There was a recording done of DUNE, years ago, by an amazing narrator whose work I love, but unfortunately he didn’t have access to the author or his notes, and as a result, all the words were guessed at, and for me, I found it impossible to listen to. Part of that is my own particular preference as a science fiction/fantasy fan: I’m not interested in how I pronounce these words, or another narrator may pronounce these words, or even how a legion of fans may pronounce them; I only want to know the author’s take on things, that’s all, that’s it. Nothing else will suffice.
If you’re tempted to take your best guess and figure that’ll be good enough, my advice to you is, good enough usually isn’t. You may be a lifelong fan of the project, but that doesn’t mean your ability to guess is better than anyone else’s. If it had been up to me, I would probably have gone with the pronunciations from the David Lynch version of DUNE, but in almost every case those would’ve been wrong. (Crazy when you realize David Lynch hired DUNE author Frank Herbert as a technical adviser on the film and he STILL got them all wrong.) I also would have pronounced Terry Brooks’ mythical realm the wrong way: most people pronounce his seminal title as the Sword of Shuh-NAH-ruh, whereas he’s adamant that it’s SHAN-uh-ruh. And yes, I stumbled almost every time I said it Brooks’ way, but that’s because I’d listened to too many of the fans over the years pronouncing it THEIR way. And unfortunately, that way is just plain wrong. So SHAN-uh-ruh it is. Or, was.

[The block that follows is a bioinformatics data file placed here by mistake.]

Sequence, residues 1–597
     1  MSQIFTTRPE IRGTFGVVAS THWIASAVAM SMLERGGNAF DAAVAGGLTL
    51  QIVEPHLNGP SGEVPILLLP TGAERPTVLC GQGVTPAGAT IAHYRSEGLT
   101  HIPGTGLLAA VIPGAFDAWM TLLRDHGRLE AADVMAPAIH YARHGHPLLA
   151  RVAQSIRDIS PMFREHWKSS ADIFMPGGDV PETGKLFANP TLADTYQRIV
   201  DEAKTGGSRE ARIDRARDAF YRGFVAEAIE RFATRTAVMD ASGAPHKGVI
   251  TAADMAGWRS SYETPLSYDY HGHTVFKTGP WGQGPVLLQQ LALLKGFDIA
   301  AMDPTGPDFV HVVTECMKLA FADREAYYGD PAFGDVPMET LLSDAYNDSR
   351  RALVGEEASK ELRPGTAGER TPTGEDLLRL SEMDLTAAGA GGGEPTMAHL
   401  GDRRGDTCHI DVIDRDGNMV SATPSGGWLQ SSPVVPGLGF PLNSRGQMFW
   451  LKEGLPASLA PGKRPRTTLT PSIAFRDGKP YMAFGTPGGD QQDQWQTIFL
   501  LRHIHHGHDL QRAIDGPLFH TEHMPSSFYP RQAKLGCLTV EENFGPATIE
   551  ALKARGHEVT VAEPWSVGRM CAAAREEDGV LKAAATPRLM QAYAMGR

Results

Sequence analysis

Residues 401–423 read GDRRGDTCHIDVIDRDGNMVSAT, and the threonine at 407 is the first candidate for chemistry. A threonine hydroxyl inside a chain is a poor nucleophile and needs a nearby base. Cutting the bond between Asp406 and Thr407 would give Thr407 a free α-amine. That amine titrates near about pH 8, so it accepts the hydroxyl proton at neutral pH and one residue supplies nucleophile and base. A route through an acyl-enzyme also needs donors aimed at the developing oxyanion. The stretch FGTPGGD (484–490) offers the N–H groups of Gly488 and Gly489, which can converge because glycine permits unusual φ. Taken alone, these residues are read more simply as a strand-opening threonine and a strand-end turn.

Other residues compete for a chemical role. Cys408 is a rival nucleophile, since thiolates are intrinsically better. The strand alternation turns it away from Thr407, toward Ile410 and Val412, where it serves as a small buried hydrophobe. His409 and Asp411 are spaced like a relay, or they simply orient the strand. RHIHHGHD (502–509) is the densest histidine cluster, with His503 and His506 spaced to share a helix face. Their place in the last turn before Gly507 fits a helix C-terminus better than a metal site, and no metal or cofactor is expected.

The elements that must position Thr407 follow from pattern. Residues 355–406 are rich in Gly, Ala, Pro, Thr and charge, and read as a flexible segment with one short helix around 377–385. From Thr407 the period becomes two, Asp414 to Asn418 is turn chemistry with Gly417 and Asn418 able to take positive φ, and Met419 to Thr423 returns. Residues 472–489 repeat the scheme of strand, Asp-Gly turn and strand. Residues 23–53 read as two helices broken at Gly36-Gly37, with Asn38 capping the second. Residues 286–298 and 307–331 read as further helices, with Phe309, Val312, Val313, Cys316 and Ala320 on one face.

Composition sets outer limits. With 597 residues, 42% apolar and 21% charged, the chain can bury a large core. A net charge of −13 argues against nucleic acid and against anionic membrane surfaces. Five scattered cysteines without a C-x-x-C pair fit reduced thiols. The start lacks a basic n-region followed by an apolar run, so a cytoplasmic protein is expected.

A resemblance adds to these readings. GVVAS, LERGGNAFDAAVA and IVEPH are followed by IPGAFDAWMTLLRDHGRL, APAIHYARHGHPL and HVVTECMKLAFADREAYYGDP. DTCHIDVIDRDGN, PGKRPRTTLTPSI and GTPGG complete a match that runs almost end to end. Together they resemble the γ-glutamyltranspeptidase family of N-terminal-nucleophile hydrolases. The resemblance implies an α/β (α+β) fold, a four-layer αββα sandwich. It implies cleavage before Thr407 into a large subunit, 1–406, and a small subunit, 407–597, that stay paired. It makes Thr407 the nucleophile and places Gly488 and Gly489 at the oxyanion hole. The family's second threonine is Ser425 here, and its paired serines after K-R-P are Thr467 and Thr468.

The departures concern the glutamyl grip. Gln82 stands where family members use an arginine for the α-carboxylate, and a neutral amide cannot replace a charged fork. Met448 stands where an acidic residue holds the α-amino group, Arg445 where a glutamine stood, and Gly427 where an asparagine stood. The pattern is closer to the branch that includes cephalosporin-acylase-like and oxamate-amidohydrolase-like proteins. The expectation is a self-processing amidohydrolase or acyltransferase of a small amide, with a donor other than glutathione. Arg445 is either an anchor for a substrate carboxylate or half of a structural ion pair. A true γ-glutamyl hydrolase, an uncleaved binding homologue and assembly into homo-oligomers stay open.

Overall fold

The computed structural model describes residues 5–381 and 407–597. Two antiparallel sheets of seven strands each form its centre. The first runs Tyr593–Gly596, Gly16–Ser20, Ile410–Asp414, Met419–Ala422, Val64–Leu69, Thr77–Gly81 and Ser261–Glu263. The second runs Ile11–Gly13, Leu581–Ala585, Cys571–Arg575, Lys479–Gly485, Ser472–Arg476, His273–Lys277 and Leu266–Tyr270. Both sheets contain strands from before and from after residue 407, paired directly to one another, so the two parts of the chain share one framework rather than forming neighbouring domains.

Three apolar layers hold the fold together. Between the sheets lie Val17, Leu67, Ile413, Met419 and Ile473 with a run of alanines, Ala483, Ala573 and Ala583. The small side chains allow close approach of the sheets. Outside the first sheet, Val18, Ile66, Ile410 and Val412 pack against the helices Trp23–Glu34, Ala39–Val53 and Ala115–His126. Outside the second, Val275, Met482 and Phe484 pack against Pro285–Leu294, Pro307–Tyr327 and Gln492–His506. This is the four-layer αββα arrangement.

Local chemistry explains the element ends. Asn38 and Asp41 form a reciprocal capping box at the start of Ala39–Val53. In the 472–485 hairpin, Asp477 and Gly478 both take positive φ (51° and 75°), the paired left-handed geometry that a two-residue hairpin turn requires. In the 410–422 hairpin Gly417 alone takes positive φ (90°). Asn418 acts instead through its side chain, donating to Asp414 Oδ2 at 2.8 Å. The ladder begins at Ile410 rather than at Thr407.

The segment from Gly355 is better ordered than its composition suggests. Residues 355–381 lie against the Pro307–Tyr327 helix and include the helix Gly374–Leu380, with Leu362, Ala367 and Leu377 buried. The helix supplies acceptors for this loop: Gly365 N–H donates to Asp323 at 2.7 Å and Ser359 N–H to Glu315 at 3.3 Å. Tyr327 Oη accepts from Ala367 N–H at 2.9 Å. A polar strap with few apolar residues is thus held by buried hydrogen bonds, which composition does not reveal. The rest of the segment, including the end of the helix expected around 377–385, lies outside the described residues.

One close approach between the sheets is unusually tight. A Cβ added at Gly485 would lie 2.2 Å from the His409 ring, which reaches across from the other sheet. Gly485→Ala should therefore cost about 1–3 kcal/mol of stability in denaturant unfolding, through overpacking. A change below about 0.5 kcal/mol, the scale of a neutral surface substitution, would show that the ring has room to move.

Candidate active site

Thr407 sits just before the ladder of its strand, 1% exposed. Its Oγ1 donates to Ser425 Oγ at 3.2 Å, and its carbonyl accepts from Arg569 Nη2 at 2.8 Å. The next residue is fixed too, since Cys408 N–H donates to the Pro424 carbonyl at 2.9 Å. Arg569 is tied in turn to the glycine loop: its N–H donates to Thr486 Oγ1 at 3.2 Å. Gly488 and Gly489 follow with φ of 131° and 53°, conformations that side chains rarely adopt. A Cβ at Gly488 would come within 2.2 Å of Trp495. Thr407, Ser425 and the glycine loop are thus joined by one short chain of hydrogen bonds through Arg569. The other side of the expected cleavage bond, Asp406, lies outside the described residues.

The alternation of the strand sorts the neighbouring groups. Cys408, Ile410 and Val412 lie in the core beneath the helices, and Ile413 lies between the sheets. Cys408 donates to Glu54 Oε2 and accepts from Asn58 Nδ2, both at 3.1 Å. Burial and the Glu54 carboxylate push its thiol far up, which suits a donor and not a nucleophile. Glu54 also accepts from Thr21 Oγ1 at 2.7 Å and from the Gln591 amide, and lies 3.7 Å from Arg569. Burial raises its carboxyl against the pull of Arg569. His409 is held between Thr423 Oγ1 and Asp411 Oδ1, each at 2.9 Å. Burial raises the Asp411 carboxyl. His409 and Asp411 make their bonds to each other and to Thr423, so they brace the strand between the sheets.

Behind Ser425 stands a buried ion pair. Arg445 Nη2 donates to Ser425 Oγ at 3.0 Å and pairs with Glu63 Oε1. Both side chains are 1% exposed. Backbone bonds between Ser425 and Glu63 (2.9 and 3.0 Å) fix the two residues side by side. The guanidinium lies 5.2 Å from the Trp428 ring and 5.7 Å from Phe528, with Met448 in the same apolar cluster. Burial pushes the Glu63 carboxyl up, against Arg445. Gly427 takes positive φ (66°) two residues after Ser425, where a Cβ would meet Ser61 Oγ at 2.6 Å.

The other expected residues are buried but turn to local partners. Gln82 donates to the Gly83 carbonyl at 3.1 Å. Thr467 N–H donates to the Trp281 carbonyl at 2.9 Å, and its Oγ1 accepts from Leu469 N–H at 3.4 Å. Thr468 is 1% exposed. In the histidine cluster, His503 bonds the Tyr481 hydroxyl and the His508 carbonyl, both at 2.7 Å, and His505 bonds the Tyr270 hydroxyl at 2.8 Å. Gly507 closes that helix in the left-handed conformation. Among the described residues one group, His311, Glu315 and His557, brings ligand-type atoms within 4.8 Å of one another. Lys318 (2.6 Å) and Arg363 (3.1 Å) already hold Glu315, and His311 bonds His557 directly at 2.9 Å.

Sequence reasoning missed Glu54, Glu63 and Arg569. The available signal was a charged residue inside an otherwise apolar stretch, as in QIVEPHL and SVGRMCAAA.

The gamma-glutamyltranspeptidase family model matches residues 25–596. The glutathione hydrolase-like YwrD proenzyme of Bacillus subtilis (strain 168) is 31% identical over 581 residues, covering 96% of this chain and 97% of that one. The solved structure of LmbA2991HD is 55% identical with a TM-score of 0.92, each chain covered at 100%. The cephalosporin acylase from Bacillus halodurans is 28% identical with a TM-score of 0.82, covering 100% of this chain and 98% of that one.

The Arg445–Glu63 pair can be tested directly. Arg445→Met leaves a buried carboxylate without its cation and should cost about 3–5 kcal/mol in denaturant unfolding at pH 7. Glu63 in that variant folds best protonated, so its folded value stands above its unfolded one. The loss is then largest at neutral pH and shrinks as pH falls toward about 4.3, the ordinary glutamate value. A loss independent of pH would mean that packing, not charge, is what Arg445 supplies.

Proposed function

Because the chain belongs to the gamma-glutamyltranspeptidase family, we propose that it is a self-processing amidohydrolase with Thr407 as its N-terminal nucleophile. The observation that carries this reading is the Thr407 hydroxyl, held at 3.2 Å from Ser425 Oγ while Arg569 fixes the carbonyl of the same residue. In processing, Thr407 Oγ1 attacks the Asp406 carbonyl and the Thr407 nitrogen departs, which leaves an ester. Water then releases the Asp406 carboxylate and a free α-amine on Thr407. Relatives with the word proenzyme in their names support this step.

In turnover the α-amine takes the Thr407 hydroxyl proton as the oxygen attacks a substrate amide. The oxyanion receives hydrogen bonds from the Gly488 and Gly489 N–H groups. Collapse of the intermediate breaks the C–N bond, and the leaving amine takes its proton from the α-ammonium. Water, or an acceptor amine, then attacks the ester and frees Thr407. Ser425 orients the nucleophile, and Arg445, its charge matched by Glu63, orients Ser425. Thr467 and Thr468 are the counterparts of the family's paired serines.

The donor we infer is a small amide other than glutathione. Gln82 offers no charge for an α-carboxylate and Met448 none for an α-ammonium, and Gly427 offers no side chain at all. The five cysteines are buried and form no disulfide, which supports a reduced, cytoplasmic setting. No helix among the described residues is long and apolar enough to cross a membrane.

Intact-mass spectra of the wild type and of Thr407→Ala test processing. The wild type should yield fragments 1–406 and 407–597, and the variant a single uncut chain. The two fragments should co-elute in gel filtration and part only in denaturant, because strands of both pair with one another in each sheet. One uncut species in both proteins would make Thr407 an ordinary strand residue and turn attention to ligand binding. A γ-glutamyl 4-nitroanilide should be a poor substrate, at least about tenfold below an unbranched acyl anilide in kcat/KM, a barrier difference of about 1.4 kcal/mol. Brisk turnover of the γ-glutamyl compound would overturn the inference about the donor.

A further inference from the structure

All that said, I knew I had to speak to Stephen R. Donaldson for these Covenant words, and thankfully the publisher put me in touch with him. He was incredibly giving of his time, and we worked our way through each and every word in the glossary, which took over an hour to do. I recorded the conversation as we did so, then took the tape and transcribed it painstakingly into a Word document. (Narrator hint: recording phone conversations is alarmingly easy, and my advice would be to consult your local Radio Shack for the easiest method. Whichever you choose, however, experiment with it first. You don’t want to find out that the little suction cup attachment that’s supposed to work just fine didn’t capture any sound at all, especially if you’ve already had the author phone call and you now have nothing to transcribe, no way to recapture the sound you’ve lost. Trust me, I’ve done this, and you want to avoid it.)